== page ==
MARINE CORPS AIR STATION YUMA, Ariz. -- The station’s Provost Marshal’s Office K-9 Unit received a new dog recently. However, she didn’t just follow them home one day.
Hexa, the 3-year-old German shepard, arrived on station two months ago and was assigned to Cpl. Ben D. MacDonell, a PMO dog handler and native of Los Alamon, N.M.
“Hexa is a great dog,” said MacDonell. “She just needs some training and experience.”
MacDonell received Hexa after his previous dog Bepo, a 7-year-old male German shepard, died of pneumonia while the pair was deployed to Iraq. They spent 7.5 months together at Camp Ramadi working with both the Army and Marine Corps. MacDonell and Bepo were together for nine months.
MacDonell transferred in to K-9, worked with several other dogs briefly before being permently assigned to Bepo.
Bepo was one of many military working dogs that have been aiding Marines in the war on terror since the start of Operation Iraqi Freedom.
“The dogs serve in Iraq just as long as most Marines,” said MacDonell. “While over there the dogs are used for locating explosives and narcotics at vehicle checkpoints. We also did room searches and raids.”
When MacDonell returned from Iraq he received Hexa.
Lackland Air Force Base has buyers that go to different dog vendors and choose the best dogs for purchasing. After being chosen by the vendors, Hexa went through three and a half months of training at Lackland AFB, San Antonio, before arriving on station. Hexa along with every K-9 on station is duel certified, which means the dog is qualified in one of two different areas of detection as well as patrol work. Upon arrival on station the dogs have received nearly $50,000 in training.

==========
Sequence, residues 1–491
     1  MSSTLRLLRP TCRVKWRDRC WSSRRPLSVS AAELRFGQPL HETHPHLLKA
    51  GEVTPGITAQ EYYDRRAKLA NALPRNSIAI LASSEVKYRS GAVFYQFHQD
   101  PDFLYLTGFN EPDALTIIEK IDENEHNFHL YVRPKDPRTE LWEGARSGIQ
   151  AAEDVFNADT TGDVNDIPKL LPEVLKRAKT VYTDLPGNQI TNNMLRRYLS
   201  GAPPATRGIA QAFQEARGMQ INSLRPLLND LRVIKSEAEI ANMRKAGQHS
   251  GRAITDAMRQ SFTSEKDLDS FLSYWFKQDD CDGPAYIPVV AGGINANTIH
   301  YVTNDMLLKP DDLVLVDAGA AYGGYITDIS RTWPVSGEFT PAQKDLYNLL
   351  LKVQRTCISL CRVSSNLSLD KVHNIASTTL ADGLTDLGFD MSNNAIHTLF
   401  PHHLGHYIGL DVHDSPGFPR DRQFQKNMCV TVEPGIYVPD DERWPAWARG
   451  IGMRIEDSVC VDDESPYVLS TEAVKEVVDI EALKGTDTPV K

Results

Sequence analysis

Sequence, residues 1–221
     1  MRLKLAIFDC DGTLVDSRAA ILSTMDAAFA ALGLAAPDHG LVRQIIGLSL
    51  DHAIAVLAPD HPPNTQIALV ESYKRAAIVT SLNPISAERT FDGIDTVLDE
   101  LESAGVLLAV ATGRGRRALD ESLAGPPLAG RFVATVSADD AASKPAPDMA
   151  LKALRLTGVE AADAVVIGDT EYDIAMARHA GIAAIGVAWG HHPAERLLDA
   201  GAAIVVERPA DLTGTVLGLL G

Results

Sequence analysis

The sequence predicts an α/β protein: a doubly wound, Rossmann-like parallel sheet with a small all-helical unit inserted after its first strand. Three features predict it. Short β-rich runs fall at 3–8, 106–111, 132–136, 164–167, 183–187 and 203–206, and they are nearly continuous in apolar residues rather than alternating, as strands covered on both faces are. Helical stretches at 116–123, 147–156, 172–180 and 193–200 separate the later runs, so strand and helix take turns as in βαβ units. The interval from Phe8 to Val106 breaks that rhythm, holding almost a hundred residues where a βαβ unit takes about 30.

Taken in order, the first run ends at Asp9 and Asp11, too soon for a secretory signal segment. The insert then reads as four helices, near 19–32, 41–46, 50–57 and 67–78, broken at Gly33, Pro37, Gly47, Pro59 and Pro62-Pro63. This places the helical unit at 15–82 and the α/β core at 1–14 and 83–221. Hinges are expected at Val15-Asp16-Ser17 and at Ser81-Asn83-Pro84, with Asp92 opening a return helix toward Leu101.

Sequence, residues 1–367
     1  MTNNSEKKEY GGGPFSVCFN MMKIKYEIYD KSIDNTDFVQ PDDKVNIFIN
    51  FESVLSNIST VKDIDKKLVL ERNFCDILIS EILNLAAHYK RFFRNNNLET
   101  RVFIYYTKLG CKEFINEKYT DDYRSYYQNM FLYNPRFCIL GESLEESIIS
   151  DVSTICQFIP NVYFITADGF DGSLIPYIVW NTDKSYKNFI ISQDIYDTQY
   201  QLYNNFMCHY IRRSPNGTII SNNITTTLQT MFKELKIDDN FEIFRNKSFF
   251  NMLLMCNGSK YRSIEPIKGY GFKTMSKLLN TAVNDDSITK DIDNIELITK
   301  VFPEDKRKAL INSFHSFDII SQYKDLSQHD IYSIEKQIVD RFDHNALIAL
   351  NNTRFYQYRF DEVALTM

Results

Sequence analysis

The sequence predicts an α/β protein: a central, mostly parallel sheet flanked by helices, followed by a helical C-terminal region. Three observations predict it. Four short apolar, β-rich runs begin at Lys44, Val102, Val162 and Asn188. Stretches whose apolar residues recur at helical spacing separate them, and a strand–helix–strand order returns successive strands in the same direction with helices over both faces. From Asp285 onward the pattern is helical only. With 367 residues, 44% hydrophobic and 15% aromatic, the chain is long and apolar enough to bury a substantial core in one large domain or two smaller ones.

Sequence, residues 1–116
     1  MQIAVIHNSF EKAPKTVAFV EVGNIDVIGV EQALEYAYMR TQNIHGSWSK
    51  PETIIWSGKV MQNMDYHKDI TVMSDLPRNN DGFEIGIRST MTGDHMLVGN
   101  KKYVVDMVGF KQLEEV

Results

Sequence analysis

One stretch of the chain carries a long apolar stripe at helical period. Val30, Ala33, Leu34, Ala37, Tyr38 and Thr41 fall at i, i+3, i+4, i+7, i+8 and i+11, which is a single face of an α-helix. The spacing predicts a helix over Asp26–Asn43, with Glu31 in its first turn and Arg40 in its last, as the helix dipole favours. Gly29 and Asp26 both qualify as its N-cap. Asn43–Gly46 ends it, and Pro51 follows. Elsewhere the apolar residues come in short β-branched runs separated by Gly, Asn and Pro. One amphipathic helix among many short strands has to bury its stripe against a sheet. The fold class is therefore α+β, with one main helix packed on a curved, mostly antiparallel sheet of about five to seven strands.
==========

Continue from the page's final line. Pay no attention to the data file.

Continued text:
“Some dogs are used for locating explosives and some for narcotics,” said Sgt. Daniel R. Williams, station kennel master. “However, all of our dogs are certified for basic patrol work, intruder detection and locating people who are lost.
“Hexa and the other dogs are mainly used to provide security and protection for those living on base,” said Williams. “However, they also go on deployments and occasionally assist the Secret Service.”
Hexa works on the obstacle course every day, jumping hurdles, going through tunnels and windows, and climbing over bridges and other things to simulate real life situations and obstacles, said MacDonell.
This is done with every dog in the K-9 kennels to increase agility and dexterity in the dogs, said Williams
“After all the training handlers and the dogs go through, we still aren’t done,” said MacDonell. “We work with the dogs between eight and ten hours a day. We learn new things about the dog and the way he acts every day it’s a learning experience.”
“Working with the dogs is a lot of fun,” said MacDonell. “There’s a lot we get to do that other Marines can’t. We create a bond with these dogs because we work with these dogs every day, and while that can be a little frustrating at times, it still is fun.”
It takes several years for a K-9 dog to reach their peak in training, and when Hexa reaches her peak not only will there be $1 million in training in to her, but she may also be the top dog on station.
“With the way Hexa’s training is coming along she will be one of the best K-9 dogs on station,” said Williams. “MacDonell and Hexa will be one of the top teams we have here.”